Egg vacuoles in IVF

Submitted by FertilityLab Mon 01/23/2012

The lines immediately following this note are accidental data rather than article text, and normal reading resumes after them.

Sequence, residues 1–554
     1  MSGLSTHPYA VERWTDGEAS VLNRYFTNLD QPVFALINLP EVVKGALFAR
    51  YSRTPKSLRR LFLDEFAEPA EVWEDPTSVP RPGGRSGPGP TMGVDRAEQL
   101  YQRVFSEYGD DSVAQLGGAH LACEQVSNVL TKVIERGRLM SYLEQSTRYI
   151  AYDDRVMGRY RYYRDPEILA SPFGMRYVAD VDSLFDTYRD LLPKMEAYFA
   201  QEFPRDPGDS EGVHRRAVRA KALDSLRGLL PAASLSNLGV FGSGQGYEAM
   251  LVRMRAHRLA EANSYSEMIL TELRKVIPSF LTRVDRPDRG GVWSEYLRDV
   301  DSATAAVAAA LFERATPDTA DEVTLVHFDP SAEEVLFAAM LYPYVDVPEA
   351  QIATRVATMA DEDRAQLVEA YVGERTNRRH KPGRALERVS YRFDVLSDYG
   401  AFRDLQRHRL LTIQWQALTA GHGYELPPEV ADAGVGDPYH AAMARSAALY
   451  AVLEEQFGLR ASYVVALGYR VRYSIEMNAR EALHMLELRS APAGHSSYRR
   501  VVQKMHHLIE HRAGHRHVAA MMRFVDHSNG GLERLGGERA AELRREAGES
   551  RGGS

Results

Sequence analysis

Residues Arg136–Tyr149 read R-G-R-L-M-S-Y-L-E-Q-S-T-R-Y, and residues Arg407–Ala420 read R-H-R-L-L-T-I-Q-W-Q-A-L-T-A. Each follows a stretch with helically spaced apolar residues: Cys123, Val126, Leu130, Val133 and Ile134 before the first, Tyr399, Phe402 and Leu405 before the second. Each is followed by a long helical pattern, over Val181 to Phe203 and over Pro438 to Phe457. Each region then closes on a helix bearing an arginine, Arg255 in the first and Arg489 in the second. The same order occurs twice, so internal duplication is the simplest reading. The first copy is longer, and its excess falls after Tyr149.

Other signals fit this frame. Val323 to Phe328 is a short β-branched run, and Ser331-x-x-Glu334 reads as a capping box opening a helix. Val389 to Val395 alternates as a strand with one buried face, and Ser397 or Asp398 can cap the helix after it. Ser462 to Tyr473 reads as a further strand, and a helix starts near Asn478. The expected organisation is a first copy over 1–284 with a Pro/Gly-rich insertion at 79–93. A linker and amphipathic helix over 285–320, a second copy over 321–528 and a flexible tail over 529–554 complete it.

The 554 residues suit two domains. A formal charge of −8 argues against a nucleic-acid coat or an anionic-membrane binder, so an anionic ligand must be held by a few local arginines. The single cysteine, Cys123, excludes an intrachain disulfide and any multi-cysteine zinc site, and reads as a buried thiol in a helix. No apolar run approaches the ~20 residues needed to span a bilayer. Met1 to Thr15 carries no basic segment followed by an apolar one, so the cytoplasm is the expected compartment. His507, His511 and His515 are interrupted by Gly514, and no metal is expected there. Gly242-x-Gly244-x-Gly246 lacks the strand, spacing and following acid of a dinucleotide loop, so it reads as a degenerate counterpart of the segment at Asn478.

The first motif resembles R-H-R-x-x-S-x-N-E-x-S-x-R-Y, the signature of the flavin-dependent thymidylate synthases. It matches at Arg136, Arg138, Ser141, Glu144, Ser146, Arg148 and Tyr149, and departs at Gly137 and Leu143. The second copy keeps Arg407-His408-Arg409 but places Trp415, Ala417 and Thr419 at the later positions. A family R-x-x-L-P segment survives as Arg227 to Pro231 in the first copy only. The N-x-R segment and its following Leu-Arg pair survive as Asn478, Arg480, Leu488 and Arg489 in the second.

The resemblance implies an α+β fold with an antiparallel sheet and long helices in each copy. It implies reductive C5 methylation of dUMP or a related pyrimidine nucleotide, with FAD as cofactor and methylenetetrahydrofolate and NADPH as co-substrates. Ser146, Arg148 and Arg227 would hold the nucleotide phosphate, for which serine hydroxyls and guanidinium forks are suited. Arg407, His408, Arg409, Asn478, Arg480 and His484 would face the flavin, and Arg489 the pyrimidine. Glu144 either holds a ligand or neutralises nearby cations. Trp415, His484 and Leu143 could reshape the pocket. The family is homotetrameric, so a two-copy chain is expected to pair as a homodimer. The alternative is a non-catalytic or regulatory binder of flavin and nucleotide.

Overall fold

One of my readers had some questions about egg vacuoles in IVF so I thought I’d touch on this topic today. Vacuoles look like roundish areas in the egg. They can be large or small, many or few. Sometimes they can be mistaken for pronuclei but unlike pronuclei, vacuoles are clear inside, and don’t have nucleoli (small dark spots) like real pronuclei do. You can see pictures of eggs with various abnormalities here. What are egg vacuoles? The normal egg has a smooth shiny cytoplasm. Vacuoles are little round-shaped clear looking structures inside the egg that are not usually observed in normal eggs. These structures appear to an aggregation of the smooth endoplasmic reticulum (SER) according to an article published in Human Cell which describes eggs analyzed using transmission electron microscopy or TEM. The SER is an organelle found in lots of different cell types and has various functions such as synthesis of lipids and steroids, metabolism of carbohydrates, regulation of calcium concentration, drug detoxification, attachment of receptors on cell membrane proteins, and steroid metabolism– depending on cell type. The SER can also contain an enzyme called glucose-6-phosphatase which plays a role in the manufacture of glucose molecules in cells. Sometimes the SER is a network of tubules and vesicles and sometimes it shows up as enlarged sacs. I tried to find out which of these functions might be egg-specific but couldn’t find much in a quick internet search. In “Portrait of an oocyte: our obscure origin”, Roger Gosden and Bora Lee, paint a rather detailed picture of the human egg from a molecular perspective but little is mentioned about how vacuoles might arise except a brief mention that vacuoles may arise from ” obstructed ER (endoplasmic reticulum) tubes”. What causes vacuoles to appear in eggs? The seem to be more common in eggs that are overly mature or aged in culture. Age may also be a factor since in older eggs, the SER is more likely to aggregate into clusters. Two studies, the “Ultrastructure of tubular smooth endoplasmic reticulum aggregates in human metaphase II oocytes and clinical implications” and “The relationship between pregnancy outcome and smooth endoplasmic reticulum clusters in MII human oocytes“ conclude that having eggs with vacuoles is associated with impaired fertilization, poor embryo development and lower positive pregnancy outcomes. This article describes how the presence of various abnormal cytoplasmic inclusions (a variety of wierd structures that don’t belong) are associated with poorer fertilization rates using ICSI. If the vacuoles are large or numerous, from a technical perspective, it may be hard to inject the sperm into the egg cyctoplasm without hitting one. Also, at fertilization there is a lot of activity going on inside the egg, with the formation of pronuclei and then transporting the male and female pronuclei toward each other along microtubules that make up part of the cytoskelaton of the egg- toward their union (syngamy!!) It is not too hard to imagine that big aggregates of anything inside the cell could interfere with these highly orchestrated events. In another study, high estrogen levels in the IVF cycle were also associated with increased vacuoles in eggs. Estradiol levels rise as the follicles grow in response to follicle stimulating hormone (FSH). Bigger follicles make more estrogen. Sometimes estradiol levels can rise too much, too fast, increasing the risk that the patient may suffer ovarian hyperstimulation syndrome or OHSS which could cause severe respiratory and cardiac issues due to extreme fluid retention which can even cause death, in extreme cases. To avoid the extremes of both hyperstimulation and poor stimulation, your physician must thread the needle between having you take too much or too little FSH (typically FSH is prescribed as Follistim or Gonal F). Too little and you never make mature eggs and too much, your eggs may become post-mature. Post-mature eggs are also more likely to have vacuoles. In the case of my reader who asked about vacuoles, she shared that she is young (under 35 years old) so not automatically at risk for poor egg quality. She had a robust ovarian response, yielding 34 eggs at retrieval of which 27 were mature and 23 out of 27 mature eggs fertilized. She had adequate embryo progression with 16 embryos of good and fair grades on day 3 but on day 5, there were only 3 pre-blast embryos. The remainder did not progress to blast even on day 6. She mentioned that vacuoles were observed by the lab techs in some of the retrieved eggs. She also mentioned that her FSH level was cut in half near the end of her stimulation. Perhaps some of our reproductive endocrinologists may want to comment on this as a factor but I think it is safe to say that the desired stimulation endocrine profile is a slow but steady increase in estradiol levels. A sharp rise in estradiol, followed by a steep drop is not desirable for good egg quality. So the appearance of vacuoles inside the egg cytoplasm may be associated with both over-ripeness (aged eggs) and overly high estradiol levels. Generally speaking, egg quality is determined by a variety of factors including genetic health (normal chromosome number) , cytoplasmic health (the poorly understood components inside the liquid center of the egg that run the normal egg machinery) and the effectiveness of the stimulation protocol to “fool” mother nature into bringing about the final stages of egg maturation in response to prescribed stimulation medications. Vacuoles in eggs are certainly not desirable. Because of the relationship of vacuole formation with overmaturity and estradiol levels, it seems reasonable that a different stimulation protocol may yield mature eggs without vacuoles in a subsequent cycle

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